In case you caught metro Milwaukee (The Writer's home base) on the network news last week for its giant flash flood, your
waterlogged correspondent was, unfortunately, right in the middle of it.
Writers enjoy irony, so here’s some for you: You buy a new condo eight years
ago and in all of that time there is not a single drop of water in the
basement—not one—from all of the various rainstorms. But as soon as you put
your condo up for sale (with two open houses scheduled for the weekend), you
get a once-a-century rainstorm of Biblical proportions that simply overwhelms
the sewer system and floods thousands of basements. Including mine (with 8
inches of water).
During the storm you
wonder, what is that thing floating by my front door? Why that’s a canoe with
people in it, and your lawn and your entire street have been transformed into
the Mississippi River, and that river is rising right up your front steps and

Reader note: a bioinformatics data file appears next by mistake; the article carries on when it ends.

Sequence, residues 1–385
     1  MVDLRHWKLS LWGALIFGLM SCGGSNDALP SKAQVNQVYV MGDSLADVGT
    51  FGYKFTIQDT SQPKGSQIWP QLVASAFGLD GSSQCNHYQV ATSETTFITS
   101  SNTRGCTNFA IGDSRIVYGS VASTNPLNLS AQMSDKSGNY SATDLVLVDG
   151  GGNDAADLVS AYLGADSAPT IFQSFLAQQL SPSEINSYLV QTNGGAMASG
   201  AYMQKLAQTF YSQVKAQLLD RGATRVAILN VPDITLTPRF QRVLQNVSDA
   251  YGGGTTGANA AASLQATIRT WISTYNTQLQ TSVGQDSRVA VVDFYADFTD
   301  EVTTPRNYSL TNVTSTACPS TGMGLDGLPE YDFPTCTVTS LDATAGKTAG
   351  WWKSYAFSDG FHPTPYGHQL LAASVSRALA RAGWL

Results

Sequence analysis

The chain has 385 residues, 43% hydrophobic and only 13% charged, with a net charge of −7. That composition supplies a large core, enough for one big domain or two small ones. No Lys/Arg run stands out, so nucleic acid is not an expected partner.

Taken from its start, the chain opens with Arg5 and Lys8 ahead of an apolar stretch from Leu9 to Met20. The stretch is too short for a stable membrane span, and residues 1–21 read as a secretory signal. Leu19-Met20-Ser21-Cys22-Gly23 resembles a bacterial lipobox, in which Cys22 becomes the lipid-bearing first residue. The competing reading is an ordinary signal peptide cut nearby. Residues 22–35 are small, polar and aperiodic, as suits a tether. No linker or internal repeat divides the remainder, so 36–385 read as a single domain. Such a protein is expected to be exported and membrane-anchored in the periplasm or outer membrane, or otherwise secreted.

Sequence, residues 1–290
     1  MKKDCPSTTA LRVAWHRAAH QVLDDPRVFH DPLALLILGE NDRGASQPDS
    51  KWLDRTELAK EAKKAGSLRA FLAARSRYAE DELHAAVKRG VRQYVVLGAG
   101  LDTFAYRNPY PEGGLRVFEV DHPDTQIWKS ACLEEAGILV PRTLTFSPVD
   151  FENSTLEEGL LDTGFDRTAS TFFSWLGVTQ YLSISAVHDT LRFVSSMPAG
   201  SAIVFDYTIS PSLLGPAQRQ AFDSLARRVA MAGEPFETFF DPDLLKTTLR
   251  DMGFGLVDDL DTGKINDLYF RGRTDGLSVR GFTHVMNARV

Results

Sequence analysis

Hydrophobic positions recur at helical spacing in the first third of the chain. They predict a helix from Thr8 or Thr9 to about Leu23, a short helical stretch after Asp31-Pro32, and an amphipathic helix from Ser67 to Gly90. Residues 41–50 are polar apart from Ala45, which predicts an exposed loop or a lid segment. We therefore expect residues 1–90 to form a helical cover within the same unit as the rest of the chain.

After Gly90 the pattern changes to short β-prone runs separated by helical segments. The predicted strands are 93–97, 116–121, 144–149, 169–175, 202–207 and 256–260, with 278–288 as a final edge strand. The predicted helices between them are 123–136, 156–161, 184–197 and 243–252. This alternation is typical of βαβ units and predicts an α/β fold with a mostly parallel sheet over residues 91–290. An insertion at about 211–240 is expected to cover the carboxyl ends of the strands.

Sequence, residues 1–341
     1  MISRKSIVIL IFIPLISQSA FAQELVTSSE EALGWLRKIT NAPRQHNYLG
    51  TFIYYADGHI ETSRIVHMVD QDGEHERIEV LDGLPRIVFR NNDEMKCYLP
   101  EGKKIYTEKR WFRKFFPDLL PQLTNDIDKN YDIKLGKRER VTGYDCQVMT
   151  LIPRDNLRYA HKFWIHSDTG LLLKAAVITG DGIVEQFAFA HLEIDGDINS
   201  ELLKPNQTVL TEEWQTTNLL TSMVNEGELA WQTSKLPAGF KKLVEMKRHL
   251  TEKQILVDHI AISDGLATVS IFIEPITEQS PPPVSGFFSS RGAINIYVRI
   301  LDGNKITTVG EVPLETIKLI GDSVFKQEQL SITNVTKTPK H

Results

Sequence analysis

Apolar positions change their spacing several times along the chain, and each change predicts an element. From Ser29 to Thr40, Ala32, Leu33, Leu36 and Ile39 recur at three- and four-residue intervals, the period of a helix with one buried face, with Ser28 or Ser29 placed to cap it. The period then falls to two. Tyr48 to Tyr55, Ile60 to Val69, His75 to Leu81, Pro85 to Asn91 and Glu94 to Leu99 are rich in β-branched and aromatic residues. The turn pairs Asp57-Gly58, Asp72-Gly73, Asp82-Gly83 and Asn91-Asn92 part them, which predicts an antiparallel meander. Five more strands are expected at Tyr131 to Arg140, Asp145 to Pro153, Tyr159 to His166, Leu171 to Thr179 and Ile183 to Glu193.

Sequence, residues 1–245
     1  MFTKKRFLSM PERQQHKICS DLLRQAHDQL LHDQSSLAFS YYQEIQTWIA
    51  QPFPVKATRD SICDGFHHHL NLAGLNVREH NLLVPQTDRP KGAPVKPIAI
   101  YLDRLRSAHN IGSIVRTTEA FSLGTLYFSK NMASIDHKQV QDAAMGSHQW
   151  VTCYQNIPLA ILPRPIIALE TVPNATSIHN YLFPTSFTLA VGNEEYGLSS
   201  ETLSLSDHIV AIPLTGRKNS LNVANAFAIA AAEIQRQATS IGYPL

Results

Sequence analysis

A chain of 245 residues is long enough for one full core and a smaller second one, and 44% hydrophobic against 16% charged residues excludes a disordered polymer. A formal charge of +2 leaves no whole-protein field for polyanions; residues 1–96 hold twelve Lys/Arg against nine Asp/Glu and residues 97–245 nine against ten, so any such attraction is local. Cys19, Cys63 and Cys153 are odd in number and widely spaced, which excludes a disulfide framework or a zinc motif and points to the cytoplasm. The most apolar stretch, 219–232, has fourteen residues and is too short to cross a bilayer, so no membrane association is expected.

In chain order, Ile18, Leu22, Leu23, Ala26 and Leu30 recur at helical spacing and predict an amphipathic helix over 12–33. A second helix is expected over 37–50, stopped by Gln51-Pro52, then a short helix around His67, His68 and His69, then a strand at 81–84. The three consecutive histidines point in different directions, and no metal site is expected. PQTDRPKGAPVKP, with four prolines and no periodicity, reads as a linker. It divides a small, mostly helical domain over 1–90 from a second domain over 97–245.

you had better start moving your first-floor furniture to the second floor just
in case. The water is so strong and violent that it sweeps a 19-year-old man to
his death and blasts out the basement windows of some of my next-door
neighbors, filling their basements with 4 feet of water. After the water subsides, neighbors in two
adjoining condo units can suddenly shake hands in their basements because their
dividing wall has caved in.
Although it was a
traumatic, confusing experience, my wife and I got off relatively lightly,
compared to so many people in the Milwaukee area (one of whom had 10 feet of
water in his house). At this point it appears, after we heard many false
assumptions about our damage, that our only permanent loss is about 30 art
books of mine, all water damaged and probably unrestorable. I was so fond of
those books, which had been lovingly collected over the years. But hey, it sure
beats a ruined basement. Or worse.
--Ron Kovach, senior
editor, The Writer
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